7:     c = b;   
   8:     // But a is not following physical const, overwrite!!
   9:     a = b; 
  10:     std::cout<<c; //you will get 20, since a is modified!!
  11:   
  12:  }

The above code explains about how logical const-ness is violated. c being a constant alias, cannot be used to change a’s value. But a being a non-const can directly get changed which in turn makes c’s value as well to change. :)

More on Logical const-ness violations

   As you can see const is very strict and confusing if mis-used. So, many initial and novice C++ developers avoid const. But const is the best practise which give smiles on the face of your code future maintainer!!! At least even if he is a psychopath, he won’t be too much angry if you have used const at least at some spots on a large code base :)

  To make it more eased on a larger code base, C++ gave new ways to break the const-ness as explained above. But as the above code, its directly breakable but most of the cases, constant references/pointers run across the code and suddenly at some spot, you need to modify the a reference or pointer holds. In that case, you cannot access the main variable.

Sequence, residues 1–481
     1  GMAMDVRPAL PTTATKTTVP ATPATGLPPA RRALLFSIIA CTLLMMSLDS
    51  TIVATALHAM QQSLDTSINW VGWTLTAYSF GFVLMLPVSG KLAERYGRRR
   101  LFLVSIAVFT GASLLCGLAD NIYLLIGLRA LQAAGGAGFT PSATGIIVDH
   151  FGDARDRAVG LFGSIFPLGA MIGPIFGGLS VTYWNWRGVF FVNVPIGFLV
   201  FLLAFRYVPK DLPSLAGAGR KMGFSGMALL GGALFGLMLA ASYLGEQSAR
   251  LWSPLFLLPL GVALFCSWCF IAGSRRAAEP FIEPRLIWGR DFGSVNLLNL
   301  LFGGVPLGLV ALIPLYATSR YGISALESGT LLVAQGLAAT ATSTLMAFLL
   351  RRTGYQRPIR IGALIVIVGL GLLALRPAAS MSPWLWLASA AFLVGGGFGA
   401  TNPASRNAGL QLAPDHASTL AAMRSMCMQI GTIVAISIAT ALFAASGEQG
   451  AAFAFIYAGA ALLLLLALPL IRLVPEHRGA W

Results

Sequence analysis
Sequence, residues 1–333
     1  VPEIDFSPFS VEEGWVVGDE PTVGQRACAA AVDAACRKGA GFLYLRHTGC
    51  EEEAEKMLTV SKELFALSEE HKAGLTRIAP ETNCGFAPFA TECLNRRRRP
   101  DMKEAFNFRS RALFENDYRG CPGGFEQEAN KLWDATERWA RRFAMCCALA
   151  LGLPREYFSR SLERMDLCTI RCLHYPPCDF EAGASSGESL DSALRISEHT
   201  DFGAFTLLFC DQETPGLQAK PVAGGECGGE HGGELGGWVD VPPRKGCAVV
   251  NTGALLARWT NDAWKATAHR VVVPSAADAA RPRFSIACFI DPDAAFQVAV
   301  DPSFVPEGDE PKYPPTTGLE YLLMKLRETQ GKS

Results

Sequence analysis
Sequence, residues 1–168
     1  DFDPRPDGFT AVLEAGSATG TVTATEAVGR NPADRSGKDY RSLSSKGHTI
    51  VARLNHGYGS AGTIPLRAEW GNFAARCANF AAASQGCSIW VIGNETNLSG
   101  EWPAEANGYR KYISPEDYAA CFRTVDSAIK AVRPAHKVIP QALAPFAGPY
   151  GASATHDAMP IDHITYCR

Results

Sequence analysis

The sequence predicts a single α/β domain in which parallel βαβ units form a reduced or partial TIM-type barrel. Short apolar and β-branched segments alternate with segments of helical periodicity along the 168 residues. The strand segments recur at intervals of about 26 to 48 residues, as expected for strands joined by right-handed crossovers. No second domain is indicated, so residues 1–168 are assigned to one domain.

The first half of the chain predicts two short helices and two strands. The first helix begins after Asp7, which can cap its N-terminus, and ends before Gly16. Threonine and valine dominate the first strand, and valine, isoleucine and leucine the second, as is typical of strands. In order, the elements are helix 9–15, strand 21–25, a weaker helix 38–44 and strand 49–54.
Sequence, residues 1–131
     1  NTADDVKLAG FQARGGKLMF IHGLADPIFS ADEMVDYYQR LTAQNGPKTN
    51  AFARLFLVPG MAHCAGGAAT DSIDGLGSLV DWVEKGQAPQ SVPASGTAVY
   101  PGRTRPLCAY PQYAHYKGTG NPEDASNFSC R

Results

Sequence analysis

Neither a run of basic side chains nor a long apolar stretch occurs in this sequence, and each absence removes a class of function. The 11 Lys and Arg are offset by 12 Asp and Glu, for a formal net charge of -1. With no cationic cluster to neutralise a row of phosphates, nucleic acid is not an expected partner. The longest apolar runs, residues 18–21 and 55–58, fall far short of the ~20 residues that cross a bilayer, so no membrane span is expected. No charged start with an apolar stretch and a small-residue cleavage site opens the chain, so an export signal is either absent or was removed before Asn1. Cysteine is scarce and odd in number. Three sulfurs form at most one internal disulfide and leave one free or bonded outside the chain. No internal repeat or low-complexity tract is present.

For doing this, C++ provides 2 mechanisms: const_cast and mutable data member. Both of these when used in code are noted as a biggest bad practices in a C++ design. :) But when it is necessary for logical const-ness of object, i.e, some data of the object when modified doesn’t break the const-ness level of the object, then const_cast/mutable is used. mutable is better than const_cast since we can mark particular member variables which can be modified in a const object. const_cast removes the constness altogether which means you can access everything in the object if the object is fully non-const.

Important points to remember

  • We started with const member functions to explain logical const-ness. But left it hanging. Because, people should understand that every member function gets a this pointer as first argument to it. :) So, when the “this” pointer is const, its a const member function. So, the below code is ok!!

 

   1:  class TestConst
   2:  {
   3:      int a;
   4:   
   5:  public:
   6:      TestConst() { a = 0;}
   7:   
   8:      int ret() const { return a; }
   9:   
  10:      int ret() { a=10; return a; }
  11:   
  12:      int normalApi() { a=20; return a; }
  13:   
  14:  };
  15:   
  16:  void main()
  17:  {
  18:      TestConst obj; 
  19:      const TestConst& objRef = obj;  
  20:      // only const ret() can be called, a=0 
  21:      std::cout<<objRef.ret();
  22:      // logical const, non-const ret() is called
  23:      std::cout<<obj.ret();  
  24:      //now, a=10 !!.. same physical const problem
  25:      std::cout<<objRef.ret();  
  26:      // throws an error, pointer is const!!
  27:      std::cout<<objRef.normalApi(); 
  28:  }
  • There are many hidden things in a C++ object which is why people never understand such concepts correctly!! When it comes to virtual function, there are lot more things hidden!!